Budget council: Labour warns of human cost of welfare reform

Posted On 28 Feb 2013 at 11:30 pm

Welfare and benefits advisers are likely to be stretched beyond breaking point in the coming months, a leading Labour councillor warned this evening (Thursday 28 February).

Councillor Warren Morgan told the budget meeting of Brighton and Hove City Council that the small advice team should be bolstered given the burgeoning workload.

As the council voted through a 2 per cent rise in council tax at Brighton Town Hall, he said: “Hundreds of residents in my ward and thousands across the city are being affected by alterations to the benefits system currently under way.

“Incapacity benefit, income support, the work programme, ESA (employment and support allowance), JSA (jobseeker’s allowance) and DLA (disability living allowance), council tax support, welfare assistance, housing benefit, bedroom tax and universal credit – there are dozens of often complex changes coming through as a result of the Welfare Reform Act.

Council covid support

“Many thousands of our residents have to somehow navigate their way through these changes and we have a duty to help them.

“This council employs three part-time staff in the welfare rights team, with an advice line open from 10am to 1pm just one day a week.

Councillor Warren Morgan

“Notwithstanding the work done by housing staff, revenue and benefits staff and others, alongside the measures to improve this council’s financial inclusion work that we put in place via a budget amendment two years ago, this level of welfare rights advice is likely to be stretched beyond breaking point in the coming months.”

He spoke in favour of amending the budget to spend £70,000 on a full-time welfare adviser for the next two years and £5,000 to help explain the changes to council tenants.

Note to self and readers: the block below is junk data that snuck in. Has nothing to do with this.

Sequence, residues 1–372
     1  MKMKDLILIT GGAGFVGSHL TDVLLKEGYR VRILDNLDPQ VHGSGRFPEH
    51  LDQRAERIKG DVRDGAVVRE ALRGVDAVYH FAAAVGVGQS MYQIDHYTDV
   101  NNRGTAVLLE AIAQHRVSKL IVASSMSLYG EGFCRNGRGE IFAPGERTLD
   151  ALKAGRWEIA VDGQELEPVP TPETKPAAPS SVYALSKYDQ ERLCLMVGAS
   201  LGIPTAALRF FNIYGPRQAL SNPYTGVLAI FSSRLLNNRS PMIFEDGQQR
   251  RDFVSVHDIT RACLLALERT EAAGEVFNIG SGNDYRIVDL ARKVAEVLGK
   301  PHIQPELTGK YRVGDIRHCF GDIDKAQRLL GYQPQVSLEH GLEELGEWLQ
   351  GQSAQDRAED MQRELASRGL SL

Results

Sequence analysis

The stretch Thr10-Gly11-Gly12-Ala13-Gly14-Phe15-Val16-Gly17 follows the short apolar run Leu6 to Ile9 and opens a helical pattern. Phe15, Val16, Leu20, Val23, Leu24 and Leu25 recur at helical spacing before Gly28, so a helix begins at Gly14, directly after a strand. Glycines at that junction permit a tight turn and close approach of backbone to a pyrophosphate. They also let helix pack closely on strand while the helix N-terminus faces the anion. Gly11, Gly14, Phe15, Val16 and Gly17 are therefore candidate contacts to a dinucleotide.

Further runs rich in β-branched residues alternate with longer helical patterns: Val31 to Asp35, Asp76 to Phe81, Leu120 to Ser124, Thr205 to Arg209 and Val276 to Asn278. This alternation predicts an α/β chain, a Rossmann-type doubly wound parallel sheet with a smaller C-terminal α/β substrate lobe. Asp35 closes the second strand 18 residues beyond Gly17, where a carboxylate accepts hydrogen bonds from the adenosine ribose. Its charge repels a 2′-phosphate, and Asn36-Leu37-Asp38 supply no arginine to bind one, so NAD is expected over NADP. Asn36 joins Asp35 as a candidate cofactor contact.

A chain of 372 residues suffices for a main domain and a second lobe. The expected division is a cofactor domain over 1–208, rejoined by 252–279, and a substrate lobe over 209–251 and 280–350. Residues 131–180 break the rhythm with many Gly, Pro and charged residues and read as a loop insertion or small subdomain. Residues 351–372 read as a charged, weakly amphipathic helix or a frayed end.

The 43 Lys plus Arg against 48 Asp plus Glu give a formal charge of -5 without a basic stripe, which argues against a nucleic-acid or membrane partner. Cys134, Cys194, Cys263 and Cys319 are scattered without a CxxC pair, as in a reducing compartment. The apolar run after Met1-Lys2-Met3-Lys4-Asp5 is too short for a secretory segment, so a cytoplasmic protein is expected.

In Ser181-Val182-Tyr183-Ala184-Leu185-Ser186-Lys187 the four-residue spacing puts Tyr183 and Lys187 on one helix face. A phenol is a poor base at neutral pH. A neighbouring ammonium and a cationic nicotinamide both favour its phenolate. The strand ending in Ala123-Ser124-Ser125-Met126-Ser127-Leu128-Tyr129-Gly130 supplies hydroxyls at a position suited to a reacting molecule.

The amendment was passed with Labour and Green Party members voting in favour.

Councillor Morgan said that the amendment was intended to strengthen the support given by the council, working with other advice agencies, to low-income residents.

He said that those residents faced huge financial challenges in the months ahead.

He added: “Without adequate advice and support these families and individuals could fall into debt at the hands of loan sharks and payday lenders, will struggle to pay their bills and may well find themselves homeless.

“Alongside the dreadful human cost, more poverty, more debt and increased homelessness will see this council spend more in the long run on housing, education and social care costs.

“I urge members to join with us in putting a relatively small amount of money into a vital service that will help a great many people in my ward and your wards meet the very difficult financial challenges to their household budgets in the coming months and years.

“It is moral and it is right that we do what we can to keep as many of this city’s most vulnerable residents out of poverty, in their homes and in control of their lives so I ask you to support this simple but important amendment.

“This amendment, like the others set out today, is one based on Labour values of fairness and equality, aimed at supporting those most vulnerable, most disadvantaged and most in need.

“I’m pleased to support amendments that put money into services for the children and families, the homeless and those in temporary accommodation, those on low incomes facing cuts to their financial support and of course the users of our mobile library.

“While I regret that council tax has to rise because of the unprecedented cuts to this council’s grant imposed by the Conservative government, I’m pleased that the increase is below the rate of inflation and considerably less than the increases of up to 3.9 per cent made by the Conservative administration between 2008 and 2010.”

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